We can understand this on a micro scale. Take for example an atom which is by all accounts 99% empty space. If we were to locate a neutron then could we not divide it into two? And what would be inside? CERN is attempting to locate the Higgs boson, or God particle as has been dubbed. But will that be it; will it be the smallest thing? Could there not be a universe contained inside?

And then we have the macro. If we were able to develop a spaceship capable of reaching the outer limit of our Universe would that be it? Certainly several of the world's leading cosmologists, Michio Kaku a prime example, believe that we are but one of many universes. Some versions of this theory suggest that there is at least one other universe very close to our own, separated perhaps by a membrane as little as a millimetre away. And this could explain dark energy as an enigmatic force leaking from a parallel universe and influencing us through its gravitational pull.

And then we have frequencies. The electromagnetic spectrum is currently estimated to be only 0.005% of that which exists in the Universe, and we humans can see but a fraction of that. We only see visible light which accounts for a small frequency band within a Universe consisting of multiple dimensions. We are, in a nutshell, virtually blind.

When you weight up all this information you may feel pretty insignificant, and in one sense you are. However scientists tell us we are one, that all matter was roughly the size of a pea prior to the Big Bang. Ever since that monumental episode in evolution it has expanded to where we are now but energetically we are still connected; we are not peas from the same pod, but the same pea.

But before you get comfortable with that thought consider the findings of renowned cosmologist Roger Penrose who has analysed cosmic microwaves filling the Universe and discovered they show echoes of previous Big Bang-like events. This would therefore suggest that there was a period of time before time came into existence, well at least our time. So when it is said God created the heavens and Earth through his infinite consciousness he was perhaps busy prior to that as well.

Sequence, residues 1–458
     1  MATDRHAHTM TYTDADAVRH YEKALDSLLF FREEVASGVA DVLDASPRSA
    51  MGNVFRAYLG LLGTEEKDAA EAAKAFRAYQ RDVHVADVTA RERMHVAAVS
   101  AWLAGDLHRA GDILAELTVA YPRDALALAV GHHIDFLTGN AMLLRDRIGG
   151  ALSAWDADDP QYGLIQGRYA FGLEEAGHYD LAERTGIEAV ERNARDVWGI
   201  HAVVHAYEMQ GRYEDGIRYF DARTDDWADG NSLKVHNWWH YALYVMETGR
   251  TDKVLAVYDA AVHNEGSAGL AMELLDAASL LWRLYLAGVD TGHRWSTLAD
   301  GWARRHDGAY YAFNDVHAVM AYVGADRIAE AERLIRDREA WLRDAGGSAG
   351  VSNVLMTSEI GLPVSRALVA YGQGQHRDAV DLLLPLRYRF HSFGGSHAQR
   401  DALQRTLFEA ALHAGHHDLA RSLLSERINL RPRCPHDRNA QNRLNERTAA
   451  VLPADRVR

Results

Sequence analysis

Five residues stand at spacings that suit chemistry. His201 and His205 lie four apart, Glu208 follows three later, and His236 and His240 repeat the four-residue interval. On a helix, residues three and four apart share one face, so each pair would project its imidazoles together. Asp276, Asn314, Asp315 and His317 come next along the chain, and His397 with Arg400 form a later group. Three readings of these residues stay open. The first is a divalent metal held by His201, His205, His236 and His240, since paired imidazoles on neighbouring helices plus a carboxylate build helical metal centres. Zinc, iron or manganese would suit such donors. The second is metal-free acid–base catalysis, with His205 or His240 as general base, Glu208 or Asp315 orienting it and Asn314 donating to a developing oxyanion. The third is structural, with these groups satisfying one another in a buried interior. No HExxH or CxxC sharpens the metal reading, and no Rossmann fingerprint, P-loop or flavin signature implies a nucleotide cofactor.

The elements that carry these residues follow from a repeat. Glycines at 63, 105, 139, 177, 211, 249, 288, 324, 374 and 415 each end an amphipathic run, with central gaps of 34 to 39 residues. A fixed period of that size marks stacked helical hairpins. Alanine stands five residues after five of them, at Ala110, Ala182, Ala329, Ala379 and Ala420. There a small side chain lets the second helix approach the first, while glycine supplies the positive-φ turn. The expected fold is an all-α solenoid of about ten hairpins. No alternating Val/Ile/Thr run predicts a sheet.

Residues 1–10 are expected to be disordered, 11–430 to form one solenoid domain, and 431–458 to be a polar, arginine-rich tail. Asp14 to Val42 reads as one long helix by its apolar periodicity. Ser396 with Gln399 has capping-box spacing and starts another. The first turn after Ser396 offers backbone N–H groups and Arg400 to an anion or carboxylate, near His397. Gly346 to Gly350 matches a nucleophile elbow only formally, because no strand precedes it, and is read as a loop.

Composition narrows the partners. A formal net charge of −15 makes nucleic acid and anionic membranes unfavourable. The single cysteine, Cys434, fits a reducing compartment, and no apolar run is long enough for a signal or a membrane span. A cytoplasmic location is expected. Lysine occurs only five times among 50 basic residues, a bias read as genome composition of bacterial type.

I would suggest it more probable than not that we are one of many, many universes. I am reluctant to use the word infinite as mathematicians have known for more than 100 years, since the 19th-century genius Georg Cantor revealed that one infinite collection can be bigger than another, that there are different kinds, and sizes, of infinity. But using my basic understanding of infinite, there is no wall out there, no point when things just stop. Similarly there is no point at which we reach the smallest element. These are mere imputations and confuse our ability to see beyond a limited viewpoint. Einstein said, “You cannot solve a problem from the same consciousness that created it. You must learn to see the world anew.”

We must accept there is untapped knowledge inaccessible through the current conventions of science and maths. The ultimate nature of reality cannot be seen through a telescope or registered on computer screens, and answers to our most compelling questions lie within.

Article Copyright© Stephen Treehorn - reproduced with permission.